This last example where oil companies are forced to buy water from a neighboring country is the clearest example of the failure of leadership. If Ghana has reached this point where the government refuses to invest to expand the water supply and delivery systems, what comes next is that the high cost of transporting this water will be deducted as expense from the gross oil revenue and hence Ghana?s net income will go down accordingly from the oil proceeds. Simple Arithmetic! Is it time to seek external Western help from small Water Contractors, instead of the massive loans which never seem to find their way to the projects. Is Ghana ready to say good morning to the sheep? President Mahama has his work cut out for him if he wins this Supreme Court disputed election. Either way, even now he has the power, and every day counts. He can act and act now to develop the water system, and stop this disgrace and massive financial losses to the nation from the expected oil revenues!
International oil companies in the Jubilee Field now import potable water from Cote d?Ivoire and Benin because of the inability of the Ghana Water Company (GWC) in the Western Region to meet their water supply demands.
?As a result of this shortage, supply vessels go to Cote d?Ivoire to buy water to service the offshore oil and gas industry, at a very high cost to the Government of Ghana,? Mr Nuetey Adziman, the Executive Secretary of the Ghana Oil and Gas Service Providers Association (GOGSPA), said.
In an interview with the Daily Graphic in Takoradi, Mr Adziman said though he was unable to determine the volumes of water imported by the oil companies, they could run into millions of cubic metres a day.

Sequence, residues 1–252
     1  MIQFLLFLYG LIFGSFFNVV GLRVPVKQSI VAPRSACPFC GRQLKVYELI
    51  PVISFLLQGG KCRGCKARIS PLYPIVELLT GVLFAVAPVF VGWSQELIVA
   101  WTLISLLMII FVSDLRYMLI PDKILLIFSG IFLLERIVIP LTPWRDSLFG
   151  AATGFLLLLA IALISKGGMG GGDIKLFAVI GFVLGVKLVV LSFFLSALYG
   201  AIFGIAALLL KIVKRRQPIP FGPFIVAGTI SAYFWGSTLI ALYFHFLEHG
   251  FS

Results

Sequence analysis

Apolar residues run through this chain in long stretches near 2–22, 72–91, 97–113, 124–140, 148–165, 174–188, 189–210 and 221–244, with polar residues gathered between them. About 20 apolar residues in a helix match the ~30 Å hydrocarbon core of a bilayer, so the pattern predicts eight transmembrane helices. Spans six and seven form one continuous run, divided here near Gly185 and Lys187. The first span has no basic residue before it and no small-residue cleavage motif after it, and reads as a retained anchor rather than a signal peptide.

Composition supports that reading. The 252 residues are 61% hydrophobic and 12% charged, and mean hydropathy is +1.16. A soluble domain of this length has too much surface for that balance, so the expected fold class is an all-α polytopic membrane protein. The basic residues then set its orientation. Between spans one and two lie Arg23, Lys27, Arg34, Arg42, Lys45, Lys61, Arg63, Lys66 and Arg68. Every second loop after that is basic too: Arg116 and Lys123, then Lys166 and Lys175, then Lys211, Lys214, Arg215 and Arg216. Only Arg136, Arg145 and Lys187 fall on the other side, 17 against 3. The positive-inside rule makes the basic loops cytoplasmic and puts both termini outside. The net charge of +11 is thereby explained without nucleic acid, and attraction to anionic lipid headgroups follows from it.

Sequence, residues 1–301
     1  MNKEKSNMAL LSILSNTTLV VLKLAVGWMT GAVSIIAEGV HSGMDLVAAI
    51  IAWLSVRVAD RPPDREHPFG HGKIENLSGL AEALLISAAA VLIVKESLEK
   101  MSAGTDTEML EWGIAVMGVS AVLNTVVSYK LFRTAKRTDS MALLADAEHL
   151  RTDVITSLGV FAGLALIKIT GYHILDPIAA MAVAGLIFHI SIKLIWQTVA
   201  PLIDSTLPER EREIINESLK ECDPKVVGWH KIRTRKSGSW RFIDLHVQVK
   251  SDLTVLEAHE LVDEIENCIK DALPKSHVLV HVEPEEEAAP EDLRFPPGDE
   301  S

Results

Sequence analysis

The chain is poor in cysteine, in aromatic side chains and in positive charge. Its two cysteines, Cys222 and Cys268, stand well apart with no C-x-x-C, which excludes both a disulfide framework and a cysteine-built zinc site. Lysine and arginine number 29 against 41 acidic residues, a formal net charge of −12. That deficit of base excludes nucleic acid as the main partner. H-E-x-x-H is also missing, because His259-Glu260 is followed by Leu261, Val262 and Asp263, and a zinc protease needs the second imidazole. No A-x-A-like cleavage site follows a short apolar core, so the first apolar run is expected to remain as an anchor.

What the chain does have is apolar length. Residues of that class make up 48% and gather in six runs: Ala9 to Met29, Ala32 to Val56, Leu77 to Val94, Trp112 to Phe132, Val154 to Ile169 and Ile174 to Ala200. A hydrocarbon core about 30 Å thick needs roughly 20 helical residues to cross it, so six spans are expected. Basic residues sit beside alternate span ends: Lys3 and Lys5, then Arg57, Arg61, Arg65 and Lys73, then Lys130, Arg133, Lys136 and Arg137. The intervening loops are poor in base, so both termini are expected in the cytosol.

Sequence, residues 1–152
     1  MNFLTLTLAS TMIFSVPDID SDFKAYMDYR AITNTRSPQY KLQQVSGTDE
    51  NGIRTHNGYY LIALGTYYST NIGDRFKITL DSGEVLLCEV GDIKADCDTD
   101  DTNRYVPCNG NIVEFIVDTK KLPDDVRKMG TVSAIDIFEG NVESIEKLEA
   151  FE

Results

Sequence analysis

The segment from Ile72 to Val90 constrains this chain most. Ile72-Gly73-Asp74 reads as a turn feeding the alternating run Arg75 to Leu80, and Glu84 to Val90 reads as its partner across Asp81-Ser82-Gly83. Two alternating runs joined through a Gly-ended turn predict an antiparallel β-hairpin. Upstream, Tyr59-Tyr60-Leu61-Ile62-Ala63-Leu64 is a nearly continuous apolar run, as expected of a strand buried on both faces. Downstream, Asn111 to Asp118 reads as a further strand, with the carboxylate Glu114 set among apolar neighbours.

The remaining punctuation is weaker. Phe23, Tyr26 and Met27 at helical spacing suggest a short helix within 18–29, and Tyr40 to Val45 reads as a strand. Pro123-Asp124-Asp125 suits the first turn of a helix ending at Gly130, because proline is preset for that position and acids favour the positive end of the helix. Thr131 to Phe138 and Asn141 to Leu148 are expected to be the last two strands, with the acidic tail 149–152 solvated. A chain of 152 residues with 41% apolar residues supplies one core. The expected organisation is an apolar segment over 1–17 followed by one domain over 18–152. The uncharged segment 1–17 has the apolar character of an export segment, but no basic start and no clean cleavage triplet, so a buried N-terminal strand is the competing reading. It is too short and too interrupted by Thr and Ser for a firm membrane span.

The cost of importing the water is added to the cost of development of the various oilfields in which the government has shares and, therefore, contributes in paying.
Meanwhile, the GWC has said its inability to supply adequate water to communities in its catchment area is due partly to the activities of galamsey operators.
Currently, according to GWC officials, the company produce less than two million cubic metres of water per day, instead of six million cubic metres.
It is for this reason that the Western Regional Security Council (REGSEC) has expressed shock at the revelation that the Minerals Commission has granted permits to three mining companies to mine gold in some rivers in the Sekyere Hemang area.
This is at a time when efforts are being made to stop galamsey activities along river banks.
A letter written by the Minerals Commission to the REGSEC which was sighted by the Daily Graphic said from the commission?s records, 21 applications were currently pending.
The letter was signed by the Principal Inspector of Mines, Mr Evans K. Addae.
Mining in water bodies (dredging) is permitted by the Inspectorate Division of the Minerals Commission in some instances.
Experts have, however, warned that if steps are not taken to repeal that law for water to flow before the middle of this year, when the international oil companies would be returning to the country to start operations, the country will lose a lot.
They strongly advise against the daily importation of water into the country at a cost to the government
Mr Adziman said the development had become a great source of worry to members of GOGSPA because the continuous importation of water defeated the local content agenda.
`He said the country could not boast of promoting ?local content and local participation? in petroleum activities as prescribed in the Petroleum Exploration and Production Act when water had to be imported, noting that the supply vessels had been forced to resort to water importation.
Source: Daily Graphic